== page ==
“It’s just finding our groove,” Robby Hauck said. “Something we say is, ‘Never get too high. Never get too low. Just keep chopping wood.’ We were able to settle in and find our groove and just do what we do on defense and as a team in general. It was a positive really for us.”
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Montana junior receivers Samori Toure and Sammy Akem each put together a record day.
Toure had a career-high 188 receiving yards on eight catches, including an 8-yard touchdown snag. Akem had a career-best 10 catches, going for 135 yards with a 25-yard touchdown.
“We just have a really great offense in general,” Toure said. “When everybody does our job, I don’t think there’s too many people who can stop us, except ourselves. We just had to trust in the system and just keep on going, keep on staying persistent, keep on doing our jobs. Ultimately, we found success.”
Phenicie could only laugh when asked how tough of a matchup it was against Toure and Akem.
“We like to think our No. 20 and No. 2 and No. 80 are close to those guys,” he said. “But that’s the first time. Well, you know, I guess Akem was with the team two years ago, three years ago as a freshman. But he’s a big guy. He’s a big, good-looking receiver. They do a good job with them.”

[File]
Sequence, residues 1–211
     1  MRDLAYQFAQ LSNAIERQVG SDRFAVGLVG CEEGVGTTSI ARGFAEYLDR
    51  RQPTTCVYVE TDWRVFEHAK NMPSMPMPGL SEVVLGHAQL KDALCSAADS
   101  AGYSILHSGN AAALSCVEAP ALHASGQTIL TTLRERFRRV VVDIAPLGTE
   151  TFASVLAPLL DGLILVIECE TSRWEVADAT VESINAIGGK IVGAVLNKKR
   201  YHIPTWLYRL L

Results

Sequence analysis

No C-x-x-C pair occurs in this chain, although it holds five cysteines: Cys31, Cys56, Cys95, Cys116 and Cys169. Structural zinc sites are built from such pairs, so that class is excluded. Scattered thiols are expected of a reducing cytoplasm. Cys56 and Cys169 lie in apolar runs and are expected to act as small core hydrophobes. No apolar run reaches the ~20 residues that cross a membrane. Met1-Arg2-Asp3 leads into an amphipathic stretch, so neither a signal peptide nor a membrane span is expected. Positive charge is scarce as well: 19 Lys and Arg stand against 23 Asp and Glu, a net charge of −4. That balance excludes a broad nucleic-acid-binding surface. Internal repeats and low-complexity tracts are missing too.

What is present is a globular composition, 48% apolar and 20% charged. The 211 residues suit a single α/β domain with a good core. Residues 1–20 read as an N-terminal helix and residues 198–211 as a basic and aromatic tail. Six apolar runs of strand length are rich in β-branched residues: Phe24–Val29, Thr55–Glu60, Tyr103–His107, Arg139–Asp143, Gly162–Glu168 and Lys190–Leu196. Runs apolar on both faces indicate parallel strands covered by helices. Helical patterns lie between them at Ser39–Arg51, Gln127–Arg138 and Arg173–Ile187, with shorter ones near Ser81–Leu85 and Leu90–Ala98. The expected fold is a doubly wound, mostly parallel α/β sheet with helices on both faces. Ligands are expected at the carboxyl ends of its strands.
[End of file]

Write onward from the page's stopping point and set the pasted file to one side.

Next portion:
Toure nearly had a touchdown on the first drive of the game, but quarterback Dalton Sneed just overshot him in the end zone on a second-and-2 play from the Idaho State 44-yard line.
“I told him as soon as he came off the sidelines, I said, ‘Man, I owe you one. I missed you,’” Sneed recalled. “But we knew just that with Samori’s ability that he’s a terrific receiver and has good speed, so I trust him to run by defensive backs. That’s what he did.
“When they wanted to come up and get in his face, I’m going to tell him, ‘Hey, just go do your thing. Go run by him.’ And that’s what he did today. He made phenomenal plays on two deep balls and was able to keep his feet inbounds. So, that’s just him doing his thing.”
Toure said he didn’t notice the Idaho State secondary mixing up coverages when the Griz receivers started to have success.
“We were seeing more of the same stuff,” Toure said. “They didn’t have too many adjustments to make.”
Phenicie, a former Montana offensive coordinator under Bobby Hauck from 2003-09, fell to 0-2 all time against one of his mentors and 0-1 with them facing off as head coaches.
“It was more of a, ‘You got to remain focused,’” Phenicie said of the experience being back in Missoula. “There was a lot of people wanting to say hi and all that stuff. You got to block a lot of that out, but it was good to see a lot of people that I consider friends. But I’m an Idaho State Bengal. Our 64 guys that are here and 100 guys total back in Pocatello, that’s who we are and that’s who’s my No. 1 priority.”
With the combination of Phenicie returning and the game being homecoming, Bobby Hauck estimated that “there was probably a little over 100” former Griz players in attendance.
“It’s great to see everybody,” Hauck said. “We had a lot of fun. It’s a great bunch of guys. I’m ecstatic that those guys, they feel tied to the program still. It was just fun seeing them.”